This year I collaborated with 10 companies on the project promoted by FarExport and the Vicenza Chamber of Commerce, “Exporting in together 7 Steps”, inspired by my book of the same name.
Some of these companies had the common characteristic of having been successful on the Italian market, but of not having been able to satisfactorily develop their exports. Their turnover in Italy was 90% or more, while the remainder was divided among many markets without having a significant market share in any of them. In other words, the business owner had managed to build a success story on the Italian market, but had failed to replicate it abroad.
Often at fault are the export managers who, according to the business owners, are not good enough. During my collaborations I have worked closely with them and can say that in most cases the fault is not theirs. The causes of the failure are to be found elsewhere. There is an initial mistake that is made when a company tries to replicate the Italian success model abroad.
Here are 3 examples:
- the best-selling product in Italy is often not the same one in the other markets, but the company continues to emphasize and invest in this product (for example the product is always in the foreground on the home page of their website).
- the company catalogue is ready with a timeline that is designed for the Italian market but is often too late for other markets.
- certifications that are good in Italy are not the same for many other markets. One company discovered this when the goods were already in customs in the USA, thereby paying high storage costs and eventually destroying the goods.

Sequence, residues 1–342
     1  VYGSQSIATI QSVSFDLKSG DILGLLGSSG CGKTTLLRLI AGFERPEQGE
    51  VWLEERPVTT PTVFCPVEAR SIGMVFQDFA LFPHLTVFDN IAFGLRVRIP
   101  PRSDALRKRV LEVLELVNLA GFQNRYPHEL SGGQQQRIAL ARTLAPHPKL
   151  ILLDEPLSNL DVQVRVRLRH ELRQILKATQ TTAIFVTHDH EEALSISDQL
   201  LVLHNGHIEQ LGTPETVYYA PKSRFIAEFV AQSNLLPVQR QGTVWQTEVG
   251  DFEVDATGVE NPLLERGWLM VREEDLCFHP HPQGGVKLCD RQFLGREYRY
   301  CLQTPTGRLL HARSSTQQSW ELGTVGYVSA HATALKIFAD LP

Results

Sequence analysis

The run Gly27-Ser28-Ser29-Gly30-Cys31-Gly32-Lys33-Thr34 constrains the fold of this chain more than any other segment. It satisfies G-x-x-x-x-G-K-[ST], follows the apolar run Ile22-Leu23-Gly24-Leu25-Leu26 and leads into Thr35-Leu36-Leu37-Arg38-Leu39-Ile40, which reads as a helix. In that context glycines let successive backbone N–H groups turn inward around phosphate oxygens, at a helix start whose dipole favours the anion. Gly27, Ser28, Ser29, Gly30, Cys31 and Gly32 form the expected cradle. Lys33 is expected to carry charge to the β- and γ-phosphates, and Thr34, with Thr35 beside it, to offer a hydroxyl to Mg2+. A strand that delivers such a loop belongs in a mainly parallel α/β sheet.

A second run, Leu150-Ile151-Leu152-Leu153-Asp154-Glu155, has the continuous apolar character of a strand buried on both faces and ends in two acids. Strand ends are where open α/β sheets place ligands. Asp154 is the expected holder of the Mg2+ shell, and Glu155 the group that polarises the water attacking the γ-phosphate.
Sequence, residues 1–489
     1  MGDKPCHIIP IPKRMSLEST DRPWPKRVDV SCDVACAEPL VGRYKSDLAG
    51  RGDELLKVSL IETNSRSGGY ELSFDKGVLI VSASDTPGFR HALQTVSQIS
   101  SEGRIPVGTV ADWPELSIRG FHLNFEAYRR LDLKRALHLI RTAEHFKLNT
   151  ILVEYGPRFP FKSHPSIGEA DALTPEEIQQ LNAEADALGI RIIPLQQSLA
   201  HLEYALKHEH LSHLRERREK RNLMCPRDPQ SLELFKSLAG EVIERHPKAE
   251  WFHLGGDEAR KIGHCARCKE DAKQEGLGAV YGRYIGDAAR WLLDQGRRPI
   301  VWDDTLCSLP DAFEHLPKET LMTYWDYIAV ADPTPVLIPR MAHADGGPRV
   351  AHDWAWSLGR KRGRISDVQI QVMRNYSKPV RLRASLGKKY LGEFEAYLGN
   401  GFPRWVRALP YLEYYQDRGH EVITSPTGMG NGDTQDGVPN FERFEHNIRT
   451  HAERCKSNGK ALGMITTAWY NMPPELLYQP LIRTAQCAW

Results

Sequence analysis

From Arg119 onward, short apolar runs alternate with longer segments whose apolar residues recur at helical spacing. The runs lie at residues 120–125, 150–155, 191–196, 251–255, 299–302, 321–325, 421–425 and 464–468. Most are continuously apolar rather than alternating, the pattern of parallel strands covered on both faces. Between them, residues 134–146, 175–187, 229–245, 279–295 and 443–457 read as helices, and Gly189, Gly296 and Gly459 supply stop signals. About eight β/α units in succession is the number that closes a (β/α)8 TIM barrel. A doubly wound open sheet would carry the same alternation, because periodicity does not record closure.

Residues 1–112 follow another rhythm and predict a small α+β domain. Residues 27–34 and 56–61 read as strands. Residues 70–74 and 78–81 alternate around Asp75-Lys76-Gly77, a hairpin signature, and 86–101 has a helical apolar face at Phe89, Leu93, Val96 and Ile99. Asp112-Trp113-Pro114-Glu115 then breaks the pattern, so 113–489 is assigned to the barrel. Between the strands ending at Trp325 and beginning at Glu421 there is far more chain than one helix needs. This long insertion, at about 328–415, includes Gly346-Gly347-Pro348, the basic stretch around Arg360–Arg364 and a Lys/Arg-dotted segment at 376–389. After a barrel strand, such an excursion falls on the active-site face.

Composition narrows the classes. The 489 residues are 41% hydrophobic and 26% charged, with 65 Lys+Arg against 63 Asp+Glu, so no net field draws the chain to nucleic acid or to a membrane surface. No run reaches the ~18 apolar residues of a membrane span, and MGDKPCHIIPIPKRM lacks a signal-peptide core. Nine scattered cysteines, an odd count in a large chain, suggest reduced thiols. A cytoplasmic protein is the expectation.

It was 1977 when Richard Normann – a well-known consultant on business development issues – proposed a model for interpreting successful entrepreneurial cases that is still relevant: the Business Idea. It defines it as a system of coherences between product, organization and market, which allow the company to dominate a niche market.
As the Business Idea model explains, success on the Italian market is explained by the system of coherences between the 3 elements: market, product and organization. In particular, the product and the organization have been modeled on the Italian market. However, if one of these 3 elements changes, in our case the market, the system no longer works and must be thoroughly rethought.
I talked about these themes in my post “Export Strategies for 2019’”